What are they?
Bunions are those unsightly enlargements or bumps that occur on the inside areas of your feet. A bunion deformity can cause a wide range of problems for the patient and consequently can involve a varied approach to treatment. An important point to consider in the understanding of this problem is that it is a progressive deformity. In other words, a bunion will in most cases worsen with time. No one can predict how fast the deformity will progress or to what extent it will cause debility or symptoms but most authorities would agree that sooner or later, it will worsen. Bunions, by nature, can cause pain in certain shoes, become a common site for arthritic changes, lead to secondary compensatory problems such as hammertoes or pain in the fat pad area. They may cause serious aesthetic or shoe wear concerns for certain individuals especially women who have to wear higher styled type shoes. Whatever the extent of involvement, a bunion deformity should warrant consideration by the patient and some level of professional evaluation by a foot specialist.
What causes them?
The possible causes of a bunion deformity are numerous and can only be numerically reduced pending a thorough examination by the foot specialist. Hereditary tendencies for bunions to occur in members of the same family, ranks high as a potential cause. Another frequent culprit is that of our manner of walking and in what type of shoe we wear over the bunion. In short, the particular mechanics of one’s walking style could be such that abnormal forces, pressures, and anatomical changes could result in a bunion deformity. Various arthritic conditions such as osteoarthritis, rheumatoid arthritis and gout can also lead to deformities of the first metatarsal joint and a bunion. An important fact to keep in mind is that, generally speaking, shoes can aggravate an existing bunion deformity but will not initially cause one to occur.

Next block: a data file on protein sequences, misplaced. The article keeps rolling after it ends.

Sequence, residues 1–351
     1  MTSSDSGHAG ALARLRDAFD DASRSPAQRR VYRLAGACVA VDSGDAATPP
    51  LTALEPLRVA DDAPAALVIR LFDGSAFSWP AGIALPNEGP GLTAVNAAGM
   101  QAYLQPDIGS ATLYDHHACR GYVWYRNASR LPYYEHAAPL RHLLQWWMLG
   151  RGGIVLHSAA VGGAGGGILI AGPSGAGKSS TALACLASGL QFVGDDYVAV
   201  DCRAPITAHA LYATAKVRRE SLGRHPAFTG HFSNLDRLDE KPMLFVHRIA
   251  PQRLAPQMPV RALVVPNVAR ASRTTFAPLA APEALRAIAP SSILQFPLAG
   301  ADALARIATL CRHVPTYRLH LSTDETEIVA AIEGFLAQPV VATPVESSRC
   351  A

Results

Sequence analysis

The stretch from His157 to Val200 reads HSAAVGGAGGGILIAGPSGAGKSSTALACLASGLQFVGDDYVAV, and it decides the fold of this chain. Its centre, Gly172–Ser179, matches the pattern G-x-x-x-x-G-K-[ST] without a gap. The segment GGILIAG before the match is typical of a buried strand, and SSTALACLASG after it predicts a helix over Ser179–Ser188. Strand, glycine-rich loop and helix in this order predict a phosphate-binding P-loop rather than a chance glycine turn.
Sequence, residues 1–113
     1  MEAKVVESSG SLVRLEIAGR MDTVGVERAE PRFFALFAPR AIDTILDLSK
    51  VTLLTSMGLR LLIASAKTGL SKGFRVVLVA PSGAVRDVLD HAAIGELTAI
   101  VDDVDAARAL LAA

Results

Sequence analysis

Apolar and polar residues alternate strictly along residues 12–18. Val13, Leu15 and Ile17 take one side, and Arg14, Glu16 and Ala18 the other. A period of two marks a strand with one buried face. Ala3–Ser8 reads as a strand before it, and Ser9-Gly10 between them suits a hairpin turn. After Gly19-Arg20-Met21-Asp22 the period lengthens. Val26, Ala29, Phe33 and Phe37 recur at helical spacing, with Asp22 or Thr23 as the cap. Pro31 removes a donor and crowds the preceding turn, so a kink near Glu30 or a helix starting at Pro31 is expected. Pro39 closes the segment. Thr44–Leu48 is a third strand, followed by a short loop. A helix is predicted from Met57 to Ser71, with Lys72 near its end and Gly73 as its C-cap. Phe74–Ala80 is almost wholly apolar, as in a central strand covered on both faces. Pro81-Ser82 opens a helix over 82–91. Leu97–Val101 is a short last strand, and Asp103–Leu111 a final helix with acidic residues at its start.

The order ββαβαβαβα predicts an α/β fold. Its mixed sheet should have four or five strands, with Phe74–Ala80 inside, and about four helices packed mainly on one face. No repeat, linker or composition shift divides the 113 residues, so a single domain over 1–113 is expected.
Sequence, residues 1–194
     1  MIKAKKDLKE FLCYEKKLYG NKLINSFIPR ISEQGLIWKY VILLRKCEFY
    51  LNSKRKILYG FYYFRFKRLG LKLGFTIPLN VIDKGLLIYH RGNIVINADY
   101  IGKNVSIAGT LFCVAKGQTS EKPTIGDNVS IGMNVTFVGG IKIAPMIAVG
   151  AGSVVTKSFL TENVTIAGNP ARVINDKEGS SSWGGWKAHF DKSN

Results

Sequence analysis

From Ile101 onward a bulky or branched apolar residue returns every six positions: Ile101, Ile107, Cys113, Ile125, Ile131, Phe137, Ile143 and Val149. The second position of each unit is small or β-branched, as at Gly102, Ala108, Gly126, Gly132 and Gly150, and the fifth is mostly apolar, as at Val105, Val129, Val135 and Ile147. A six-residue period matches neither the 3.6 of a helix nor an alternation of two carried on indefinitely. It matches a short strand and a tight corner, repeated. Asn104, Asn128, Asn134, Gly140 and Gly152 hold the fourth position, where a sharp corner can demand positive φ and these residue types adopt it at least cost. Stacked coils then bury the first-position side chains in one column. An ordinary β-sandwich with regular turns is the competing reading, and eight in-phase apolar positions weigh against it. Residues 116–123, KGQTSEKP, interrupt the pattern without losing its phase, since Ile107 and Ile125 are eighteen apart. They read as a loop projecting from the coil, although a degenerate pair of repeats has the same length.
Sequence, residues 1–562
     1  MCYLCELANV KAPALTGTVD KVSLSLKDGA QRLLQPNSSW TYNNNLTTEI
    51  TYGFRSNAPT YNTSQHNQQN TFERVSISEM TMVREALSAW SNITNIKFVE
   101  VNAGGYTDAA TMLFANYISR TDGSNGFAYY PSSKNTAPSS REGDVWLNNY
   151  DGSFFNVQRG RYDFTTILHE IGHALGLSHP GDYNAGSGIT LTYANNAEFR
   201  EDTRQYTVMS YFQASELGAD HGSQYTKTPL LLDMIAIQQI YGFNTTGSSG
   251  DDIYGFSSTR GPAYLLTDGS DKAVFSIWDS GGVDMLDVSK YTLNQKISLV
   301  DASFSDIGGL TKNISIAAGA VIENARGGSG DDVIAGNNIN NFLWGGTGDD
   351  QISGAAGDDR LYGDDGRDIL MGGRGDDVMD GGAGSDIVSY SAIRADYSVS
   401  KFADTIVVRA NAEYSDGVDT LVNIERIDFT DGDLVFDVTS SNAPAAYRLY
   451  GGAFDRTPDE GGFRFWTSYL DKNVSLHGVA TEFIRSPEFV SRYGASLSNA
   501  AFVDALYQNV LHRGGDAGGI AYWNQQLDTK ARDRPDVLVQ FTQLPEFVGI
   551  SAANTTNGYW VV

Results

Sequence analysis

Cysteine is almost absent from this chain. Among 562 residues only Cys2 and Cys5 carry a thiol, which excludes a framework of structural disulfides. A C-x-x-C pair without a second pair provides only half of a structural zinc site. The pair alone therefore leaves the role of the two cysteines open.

How do you treat them?
The treatment options for bunion deformities include a wide range of therapeutic approaches. An early approach might include shoe modifications, padding, physical therapy and occasional injection care for the existing symptoms. Functional orthotics or foot supportive devices can, in many cases, reduce the involved abnormal forces and slow the progression of the bunion. In short, this means that the orthotics might prevent the bunion from worsening and may even reduce any existing discomfort. Surgical correction of the involved deformity is still another viable option and should be discussed thoroughly with your foot specialist. There are three levels of bunion deformities and each require specific surgical approaches. The bottom line is that a bunion deformity is not a condition to ignore or neglect. A good clinical evaluation is a primary and highly recommended first line of defense in the management of this condition.